Cochrane database of systematic reviews (Online) 03/2015; 3:CD004749. DOI:10.1002/14651858.CD004749.pub3
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    J. André Knottnerus, Peter Tugwell
    Journal of Clinical Epidemiology 02/2015; 68(4). DOI:10.1016/j.jclinepi.2015.02.004
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    ABSTRACT: Previous patient-level acute myocardial infarction (AMI) research has found higher hospital spending to be associated with improved survival; however, survivor-treatment selection bias traditionally has been overlooked. The purpose of this study was to examine the AMI cost-outcome relationship, taking into account this form of bias. Hospital Discharge Abstract data tracked costs for AMI hospitalizations. Ontario Vital Statistics data tracked patient mortality. A standard Cox survival model was compared to an extended Cox model using hospital costs as a time-varying covariate to examine the impact of cost on 1-year survival in a cohort of 30,939 first-time AMI patients in Ontario, Canada, from 2007 to 2010. Higher patient-level AMI spending decreased the hazard of dying (Standard Model: log-cost hazard ratio: 0.513, 95 percent CI: 0.479-0.549; Extended Model: log-cost hazard ratio: 0.700, 95 percent CI: 0.645-0.758); however, the protective effect was overestimated by 62 percent when survivor-treatment bias was overlooked. In the extended model, a 10 percent increase in spending was associated with a 3.6 percent decrease in hazard of death. The findings of this study suggest that if survivor-treatment bias is overlooked, future research may materially overstate the protective effect of patient-level spending on outcomes. © Health Research and Educational Trust.
    Health Services Research 02/2015; DOI:10.1111/1475-6773.12286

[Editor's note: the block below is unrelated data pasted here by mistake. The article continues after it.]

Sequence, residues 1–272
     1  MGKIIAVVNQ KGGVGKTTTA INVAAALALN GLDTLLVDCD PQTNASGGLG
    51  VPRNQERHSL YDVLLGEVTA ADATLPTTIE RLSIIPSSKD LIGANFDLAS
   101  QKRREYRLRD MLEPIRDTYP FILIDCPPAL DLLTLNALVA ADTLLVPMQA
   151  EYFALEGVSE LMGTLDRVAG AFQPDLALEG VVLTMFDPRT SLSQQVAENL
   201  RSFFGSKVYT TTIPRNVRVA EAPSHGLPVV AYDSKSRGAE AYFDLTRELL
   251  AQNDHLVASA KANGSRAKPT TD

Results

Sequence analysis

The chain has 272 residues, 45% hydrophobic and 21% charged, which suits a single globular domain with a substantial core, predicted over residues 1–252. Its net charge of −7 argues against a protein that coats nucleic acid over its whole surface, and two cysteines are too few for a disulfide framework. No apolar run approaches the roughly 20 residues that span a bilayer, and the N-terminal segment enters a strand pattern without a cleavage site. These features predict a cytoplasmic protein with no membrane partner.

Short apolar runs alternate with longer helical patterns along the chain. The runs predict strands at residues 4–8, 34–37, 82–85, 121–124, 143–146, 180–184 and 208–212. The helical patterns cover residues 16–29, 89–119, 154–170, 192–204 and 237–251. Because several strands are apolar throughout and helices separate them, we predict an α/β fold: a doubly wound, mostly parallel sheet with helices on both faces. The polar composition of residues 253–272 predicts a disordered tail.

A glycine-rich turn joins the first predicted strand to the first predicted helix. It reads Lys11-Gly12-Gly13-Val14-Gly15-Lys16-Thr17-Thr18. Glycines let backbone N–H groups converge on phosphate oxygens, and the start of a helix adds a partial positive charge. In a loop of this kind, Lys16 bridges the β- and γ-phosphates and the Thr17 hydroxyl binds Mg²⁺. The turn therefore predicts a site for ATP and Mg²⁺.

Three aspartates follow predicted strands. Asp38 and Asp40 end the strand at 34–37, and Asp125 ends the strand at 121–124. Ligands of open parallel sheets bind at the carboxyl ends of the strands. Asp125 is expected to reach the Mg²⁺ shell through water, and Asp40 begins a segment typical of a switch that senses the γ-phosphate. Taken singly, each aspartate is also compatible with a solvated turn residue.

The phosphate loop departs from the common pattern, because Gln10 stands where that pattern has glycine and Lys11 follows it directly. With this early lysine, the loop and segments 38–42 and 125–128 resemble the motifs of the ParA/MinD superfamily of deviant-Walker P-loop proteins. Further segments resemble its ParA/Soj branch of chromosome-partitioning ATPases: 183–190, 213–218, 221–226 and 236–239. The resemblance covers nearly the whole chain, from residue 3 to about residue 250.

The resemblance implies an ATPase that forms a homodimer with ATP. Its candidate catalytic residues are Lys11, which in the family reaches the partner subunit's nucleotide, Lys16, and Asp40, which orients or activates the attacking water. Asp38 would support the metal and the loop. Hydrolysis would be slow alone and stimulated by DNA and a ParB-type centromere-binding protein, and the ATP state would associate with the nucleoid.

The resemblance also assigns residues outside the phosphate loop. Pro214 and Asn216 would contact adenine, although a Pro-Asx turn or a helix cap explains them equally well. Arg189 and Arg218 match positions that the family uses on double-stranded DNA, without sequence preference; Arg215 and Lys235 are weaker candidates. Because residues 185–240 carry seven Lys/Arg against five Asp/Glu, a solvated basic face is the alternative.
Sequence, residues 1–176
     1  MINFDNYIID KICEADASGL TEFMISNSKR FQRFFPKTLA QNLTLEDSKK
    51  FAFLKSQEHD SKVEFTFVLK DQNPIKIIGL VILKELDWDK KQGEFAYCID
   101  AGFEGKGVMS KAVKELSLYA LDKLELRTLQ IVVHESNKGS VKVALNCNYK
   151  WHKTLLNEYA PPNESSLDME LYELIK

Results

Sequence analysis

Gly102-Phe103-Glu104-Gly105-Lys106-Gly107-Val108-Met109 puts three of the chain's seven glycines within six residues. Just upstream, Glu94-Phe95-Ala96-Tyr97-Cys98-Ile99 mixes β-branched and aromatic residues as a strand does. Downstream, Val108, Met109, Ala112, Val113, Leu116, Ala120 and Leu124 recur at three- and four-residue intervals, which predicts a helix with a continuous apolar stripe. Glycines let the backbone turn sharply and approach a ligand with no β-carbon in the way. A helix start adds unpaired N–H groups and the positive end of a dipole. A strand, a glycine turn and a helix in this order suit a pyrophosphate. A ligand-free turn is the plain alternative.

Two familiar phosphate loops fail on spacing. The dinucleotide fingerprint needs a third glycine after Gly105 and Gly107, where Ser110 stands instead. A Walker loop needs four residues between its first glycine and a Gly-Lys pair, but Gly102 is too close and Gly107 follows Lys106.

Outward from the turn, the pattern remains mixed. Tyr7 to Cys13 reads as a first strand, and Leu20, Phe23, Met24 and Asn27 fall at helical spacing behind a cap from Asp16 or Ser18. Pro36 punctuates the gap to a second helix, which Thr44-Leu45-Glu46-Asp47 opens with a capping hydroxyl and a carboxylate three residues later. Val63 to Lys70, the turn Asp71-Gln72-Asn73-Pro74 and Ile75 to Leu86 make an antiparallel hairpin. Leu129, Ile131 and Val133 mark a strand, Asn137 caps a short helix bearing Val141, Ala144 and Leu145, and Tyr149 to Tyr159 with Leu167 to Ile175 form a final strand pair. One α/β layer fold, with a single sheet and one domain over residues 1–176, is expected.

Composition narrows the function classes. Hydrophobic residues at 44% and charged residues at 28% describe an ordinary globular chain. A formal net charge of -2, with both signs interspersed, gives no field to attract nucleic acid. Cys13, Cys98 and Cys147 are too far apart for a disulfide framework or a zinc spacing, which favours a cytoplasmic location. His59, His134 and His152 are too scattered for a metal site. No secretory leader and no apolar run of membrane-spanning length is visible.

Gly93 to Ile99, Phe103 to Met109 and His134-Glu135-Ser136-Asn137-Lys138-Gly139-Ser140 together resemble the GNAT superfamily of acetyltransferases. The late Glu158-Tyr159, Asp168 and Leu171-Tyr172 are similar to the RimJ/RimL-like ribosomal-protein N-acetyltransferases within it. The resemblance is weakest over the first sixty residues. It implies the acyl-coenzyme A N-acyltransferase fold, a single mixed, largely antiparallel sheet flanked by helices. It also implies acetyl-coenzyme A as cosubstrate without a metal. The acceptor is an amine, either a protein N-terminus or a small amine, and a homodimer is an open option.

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    ABSTRACT: To develop a list of 5 tests or treatments used in rheumatology that have evidence indicating that they may be unnecessary and thus should be reevaluated by rheumatology healthcare providers and patients. Using the Delphi method, a committee of 16 rheumatologists from across Canada and an allied health professional generated a list of tests, procedures, or treatments in rheumatology that may be unnecessary, nonspecific, or insensitive. Items with high content agreement and perceived relevance advanced to a survey of Canadian Rheumatology Association (CRA) members. CRA members ranked these top items based on content agreement, effect, and item ranking. A methodology subcommittee discussed the items in light of their relevance to rheumatology, potential effect on patients, and the member survey results. Five candidate items selected were then subjected to a literature review. A group of patient collaborators with rheumatic diseases also reviewed these items. Sixty-four unique items were proposed and after 3 Delphi rounds, this list was narrowed down to 13 items. In the member-wide survey, 172 rheumatologists responded (36% of those contacted). The respondent characteristics were similar to the membership at large in terms of sex and geographical distribution. Five topics (antinuclear antibodies testing, HLA-B27 testing, bone density testing, bone scans, and bisphosphonate use) with high ratings on agreement and effect were chosen for literature review. The list of 5 items has identified starting points to promote discussion about practices that should be questioned to assist rheumatology healthcare providers in delivering high-quality care.